Other People: Goldwater Memorial Hospital
Other People is a personal document of the disabled resident patients of a New York City chronic care institution. Located on Roosevelt Island, Goldwater Memorial Hospital, established in 1939, housed approximately 1000 people. They say they take no comatose, semi-comatose, cancer or mentally ill patients.
The patients at Goldwater hospital are representative of the worst cases of disability and without doubt the most "hidden" group of disabled persons. They are the unfortunate recipients of stroke, accident, birth defect, or progressive diseases like Multiple Sclerosis and hereditary disorders like Huntington's Chorea.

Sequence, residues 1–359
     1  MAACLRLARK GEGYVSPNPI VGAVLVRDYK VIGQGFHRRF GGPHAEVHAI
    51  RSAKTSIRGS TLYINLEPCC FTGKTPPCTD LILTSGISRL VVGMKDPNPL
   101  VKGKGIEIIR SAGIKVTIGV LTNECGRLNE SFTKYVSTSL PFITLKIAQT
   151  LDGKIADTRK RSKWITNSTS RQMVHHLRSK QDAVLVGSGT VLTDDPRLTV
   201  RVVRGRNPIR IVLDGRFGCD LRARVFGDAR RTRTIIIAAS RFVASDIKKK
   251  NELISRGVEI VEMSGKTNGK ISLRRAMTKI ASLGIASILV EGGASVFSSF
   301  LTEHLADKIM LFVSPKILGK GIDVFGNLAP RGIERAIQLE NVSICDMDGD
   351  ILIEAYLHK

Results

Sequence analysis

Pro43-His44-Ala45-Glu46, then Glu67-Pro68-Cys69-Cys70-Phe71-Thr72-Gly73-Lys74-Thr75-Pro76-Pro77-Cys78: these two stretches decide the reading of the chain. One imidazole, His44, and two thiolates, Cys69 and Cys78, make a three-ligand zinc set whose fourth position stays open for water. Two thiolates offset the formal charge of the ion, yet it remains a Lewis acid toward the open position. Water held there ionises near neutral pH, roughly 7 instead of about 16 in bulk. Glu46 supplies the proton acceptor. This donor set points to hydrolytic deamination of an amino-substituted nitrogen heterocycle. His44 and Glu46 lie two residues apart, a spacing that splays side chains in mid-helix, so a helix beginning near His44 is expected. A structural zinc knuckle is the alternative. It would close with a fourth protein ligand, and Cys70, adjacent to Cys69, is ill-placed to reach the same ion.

I went to Goldwater Hospital struck by the feeling of loss; death, the entropy of all life. I began inquiring how to go about photographing something so universal but so ethereal. I was directed to Goldwater as a place of suspension between life and death.
At first I signed up as a weekend volunteer. After six months, I asked and received permission to photograph. By that time I felt some comfort and acceptance by the people I got to know.
After three years of intermittent work on the weekends, I went to Life magazine after the story broke of an American hostage held in Iran was being released due to symptoms of Multiple Sclerosis.
Life sent me on assignment with the writer Anne Fadiman to photograph Carrie at Goldwater, who was struck with a very debilitating case of MS. The photo essay ran for ten pages in July 1981.
When excerpts from my journal were included in the Life article, I lost my permission to photograph at Goldwater.
In 2014, the Goldwater Hospital buildings were razed and all the patients relocated.